Introduction: My 'faux Granite Countertop' Project
Ever wished you owned a 'granite countertop' but just couldnt justify the amount of money it would cost to get it? (or maybe you just can't afford it...) Either way, I've decided to make my own 'faux granite' countertop (at least until I win the lottery lol)
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Step 1: Gathering Supplies I'm Going to Need for 'mynewestproject'
List of supplies I'm going to need to change my countertop into a 'granite' countertop:
base coat of BullsEye123 (tinted)
assorted colours of acrylic paint
sea sponge for a more natural finish
small plates for mixing paint colours
220 grit sandpaper
a vision of my finished countertop
I'm off to the $ store to see if they have any colours I want for my countertop. I know they sell the acrylic paints and this is going to yet another 'on the cheap' project so hopefully they have what I need...I did manage to find black/antique white/tan for only $1 each and that's it for the colours they have there for my project..so now I'm off to Michael's to get the rest...low and behold! they had a sale on acrylic paints so I found a slate grey/bright white/dark mud/reddish brown and only cost $1.29 each so I'm definitely on track. I also grabbed a real sponge and a cheap paint brush when I was there.
Next I'm going to need a 'primer/paint' combination so it's off to Home Depot...I chose the Bulls Eye 1 2 3 and got them to tint it to match the light grey colour I painted my walls. Plus it's a primer/paint combo so it will only need 2 coats
Step 2: Priming/Painting My Base Coat
so not sure if you've seen my previous project? but it's a kitchen island I made from two base cupboards and 2 large pieces of MDF, but I'm finished with that and now that's the countertop I'm doing the 'faux granite' finish on.
I used a foam roller to roll the primer/paint combination
the coverage was good and I only needed 2 coats so turns out I have pretty much a whole can left over for later in case I decide to do this treatment to my actual kitchen counter and the bathrooms too...we shall see how this one turns out and that will determine if I go further with the other counters in the house
Step 3: Starting With My Acrylic Paint Colours
so now I choose one of the colours to lay down as the first step. I squeezed a bit of the first colour (I chose a light tan since my base is grey..I put a bit of the tan paint on a paper plate..this way i can dab it onto my sponge and then smudge it a bit on the plate so I don't get a huge glob of paint on my counter..i basically just went around the whole countertop and put colour wherever it suited me..i also dabbed some down the sides to make it look more realistic..
once that pretty much dried i started dabbing on some antique white paint. (pls see pic 1 on this page)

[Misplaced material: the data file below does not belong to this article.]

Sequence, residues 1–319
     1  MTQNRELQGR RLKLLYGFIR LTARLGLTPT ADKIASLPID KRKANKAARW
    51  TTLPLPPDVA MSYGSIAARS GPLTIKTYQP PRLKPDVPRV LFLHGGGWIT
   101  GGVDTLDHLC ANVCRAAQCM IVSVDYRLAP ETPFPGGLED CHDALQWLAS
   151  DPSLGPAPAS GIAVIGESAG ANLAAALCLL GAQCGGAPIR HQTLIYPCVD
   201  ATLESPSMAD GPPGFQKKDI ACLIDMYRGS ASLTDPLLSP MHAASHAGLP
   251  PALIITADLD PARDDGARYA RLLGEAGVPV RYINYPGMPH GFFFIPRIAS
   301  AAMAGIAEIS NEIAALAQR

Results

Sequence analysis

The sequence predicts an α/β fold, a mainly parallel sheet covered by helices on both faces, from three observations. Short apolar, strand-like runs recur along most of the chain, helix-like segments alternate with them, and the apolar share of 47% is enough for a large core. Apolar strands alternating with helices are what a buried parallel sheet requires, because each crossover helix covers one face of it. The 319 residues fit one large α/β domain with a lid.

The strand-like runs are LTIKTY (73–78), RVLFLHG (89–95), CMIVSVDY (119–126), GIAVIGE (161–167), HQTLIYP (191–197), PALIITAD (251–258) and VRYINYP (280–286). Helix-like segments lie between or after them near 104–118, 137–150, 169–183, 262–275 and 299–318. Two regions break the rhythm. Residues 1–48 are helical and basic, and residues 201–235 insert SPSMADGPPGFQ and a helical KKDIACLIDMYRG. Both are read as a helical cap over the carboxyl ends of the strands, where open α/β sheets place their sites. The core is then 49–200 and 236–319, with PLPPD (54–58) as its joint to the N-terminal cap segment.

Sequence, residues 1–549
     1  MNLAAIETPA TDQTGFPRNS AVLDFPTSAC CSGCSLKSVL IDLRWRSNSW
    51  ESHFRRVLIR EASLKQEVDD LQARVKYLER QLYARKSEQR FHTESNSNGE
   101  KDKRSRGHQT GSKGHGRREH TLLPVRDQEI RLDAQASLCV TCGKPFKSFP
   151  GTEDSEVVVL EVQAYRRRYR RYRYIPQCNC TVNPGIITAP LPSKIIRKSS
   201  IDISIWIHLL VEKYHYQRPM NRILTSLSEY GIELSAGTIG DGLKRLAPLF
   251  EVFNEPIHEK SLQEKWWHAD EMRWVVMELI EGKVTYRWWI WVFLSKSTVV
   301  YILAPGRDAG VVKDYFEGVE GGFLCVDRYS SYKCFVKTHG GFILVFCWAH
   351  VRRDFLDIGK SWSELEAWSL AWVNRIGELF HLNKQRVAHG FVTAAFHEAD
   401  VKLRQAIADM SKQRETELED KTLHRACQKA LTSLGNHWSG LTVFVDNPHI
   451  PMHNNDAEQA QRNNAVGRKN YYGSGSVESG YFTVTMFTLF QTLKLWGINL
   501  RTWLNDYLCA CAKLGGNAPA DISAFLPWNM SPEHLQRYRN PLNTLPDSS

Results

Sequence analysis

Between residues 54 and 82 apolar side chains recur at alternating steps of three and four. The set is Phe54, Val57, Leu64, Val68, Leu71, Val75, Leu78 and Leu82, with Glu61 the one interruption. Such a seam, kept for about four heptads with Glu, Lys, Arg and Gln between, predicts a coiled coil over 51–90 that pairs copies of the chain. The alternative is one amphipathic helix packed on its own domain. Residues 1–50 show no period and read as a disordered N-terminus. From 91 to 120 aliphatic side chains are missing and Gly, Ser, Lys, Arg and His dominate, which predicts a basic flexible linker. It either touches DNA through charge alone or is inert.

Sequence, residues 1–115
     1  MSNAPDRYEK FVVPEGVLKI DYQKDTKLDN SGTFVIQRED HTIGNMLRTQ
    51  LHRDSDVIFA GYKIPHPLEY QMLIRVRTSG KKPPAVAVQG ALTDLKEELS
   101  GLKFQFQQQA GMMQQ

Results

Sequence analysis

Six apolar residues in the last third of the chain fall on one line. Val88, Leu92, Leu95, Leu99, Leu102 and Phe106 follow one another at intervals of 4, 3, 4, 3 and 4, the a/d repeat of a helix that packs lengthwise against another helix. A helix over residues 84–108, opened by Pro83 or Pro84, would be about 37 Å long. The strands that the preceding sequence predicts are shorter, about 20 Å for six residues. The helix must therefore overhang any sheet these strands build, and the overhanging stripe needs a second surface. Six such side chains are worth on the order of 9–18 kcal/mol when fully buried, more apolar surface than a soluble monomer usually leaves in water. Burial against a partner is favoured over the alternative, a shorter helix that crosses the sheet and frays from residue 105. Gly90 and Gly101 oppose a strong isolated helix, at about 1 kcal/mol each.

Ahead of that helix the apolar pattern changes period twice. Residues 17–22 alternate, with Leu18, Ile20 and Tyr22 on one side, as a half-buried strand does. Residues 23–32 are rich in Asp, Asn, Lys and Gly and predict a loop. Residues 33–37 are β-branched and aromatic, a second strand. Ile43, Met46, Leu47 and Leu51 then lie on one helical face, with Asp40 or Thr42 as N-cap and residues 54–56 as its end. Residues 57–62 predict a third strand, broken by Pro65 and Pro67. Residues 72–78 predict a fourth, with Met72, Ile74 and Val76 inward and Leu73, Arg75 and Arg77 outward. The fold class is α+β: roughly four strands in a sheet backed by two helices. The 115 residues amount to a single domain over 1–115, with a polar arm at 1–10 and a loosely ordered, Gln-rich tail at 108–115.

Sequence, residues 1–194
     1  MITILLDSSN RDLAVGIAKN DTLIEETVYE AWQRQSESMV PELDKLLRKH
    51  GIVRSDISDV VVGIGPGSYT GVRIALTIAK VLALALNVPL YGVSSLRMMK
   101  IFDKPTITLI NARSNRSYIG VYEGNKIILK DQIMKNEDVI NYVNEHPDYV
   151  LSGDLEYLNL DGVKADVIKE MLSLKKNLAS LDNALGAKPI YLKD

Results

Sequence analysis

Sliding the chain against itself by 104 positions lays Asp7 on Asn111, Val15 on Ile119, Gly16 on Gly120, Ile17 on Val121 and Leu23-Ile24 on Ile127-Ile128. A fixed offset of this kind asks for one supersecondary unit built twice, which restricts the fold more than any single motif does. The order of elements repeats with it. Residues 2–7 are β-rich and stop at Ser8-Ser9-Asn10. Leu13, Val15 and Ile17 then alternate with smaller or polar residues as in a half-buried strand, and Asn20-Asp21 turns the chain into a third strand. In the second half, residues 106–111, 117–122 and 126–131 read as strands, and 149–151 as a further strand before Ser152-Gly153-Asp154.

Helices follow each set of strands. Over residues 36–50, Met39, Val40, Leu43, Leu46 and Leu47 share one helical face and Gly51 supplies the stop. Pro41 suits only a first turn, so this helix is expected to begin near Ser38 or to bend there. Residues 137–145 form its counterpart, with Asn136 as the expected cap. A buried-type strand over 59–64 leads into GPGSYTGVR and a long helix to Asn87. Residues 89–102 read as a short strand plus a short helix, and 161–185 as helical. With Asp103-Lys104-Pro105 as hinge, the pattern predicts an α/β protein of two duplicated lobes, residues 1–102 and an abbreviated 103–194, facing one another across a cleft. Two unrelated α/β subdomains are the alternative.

Once that dried enough. which isnt long at all since Im putting it on so sparingly..I started with my black
do not be alarmed at this point the result is quite ugly, as I'm sure you will agree, but I have confidence I can work through it and end up with a great countertop, believe me, there were a couple of points where I began to wonder if I might have to just roll the primer back over the whole thing and pass on my idea of a 'granite' island countertop??
anyway, I tried to put the black in random spots where I thought it might be naturally
Step 4: Adding More Colours
next I chose a slate grey to dab on over top of what I had already completed...that'll be it for today...
Next day I decided I wanted to tone down the black a bit so I'm putting on dabs of grey mixed with the 'antique white' paint..it still looks pretty bad but I remain hopeful lol
Step 5: And Now to Tone It Down a Bit Again...
it's looking pretty blotchy so I've decided to use the 'antique white' by itself to tone it down a bit...I also don't really like the amount of black thats still showing through...here goes..
but I gotta admit...it's really beginning to look like my vision!
Step 6: And to Tone It Down Even More..
so, finally it's looking somewhat like the picture I have in my mind of my new countertop..
I got up this morning and decided that what it actually needed was just a lot more of the 'antique white' dabbed on in all the spots where I had too much colour showing through..
Step 7: And Just a Few Finishing Touches..
so now I'm really liking this look of my new countertop but I think it might need just a bit more dabs of light grey and maybe add some touches of the light tan colour and we should be good to go
and now that I'm feeling happy with the result it's time to lay down the top coat
I am using a polyacrylic finish.
Ive decided to use a foam roller to roll it on rather than brushing as I don't want any brush strokes (but if you don't have a foam roller a foam brush will do the trick)
get out your polyacrylic, give it an easy stir (you don't want to stir too fast or you'll end up with a lot of bubbles)
i used a foam roller to lay down the top coat
let it dry minimum of 2 hours then lightly sand with 220 grit sandpaper
I ended up rolling the top coat and sanding and repeating this step until I had layed down 5 layers of top coat
Step 8: And Now for the 'grand Finale'!
I'm quite pleased with my finished product...what do you think? I'd luve to hear your feedback for sure
so, that's my 'faux granite' countertop grand finale...and I didn't break the budget with a total spent of just under $60!
Since I've got lots of my supplies left over I'm going to do the same finish on my actual kitchen counter as well as the bathrooms but thats a whole new project since I will need to add a backsplash to each countertop first since they're either missing or they were never there?
I shall return..
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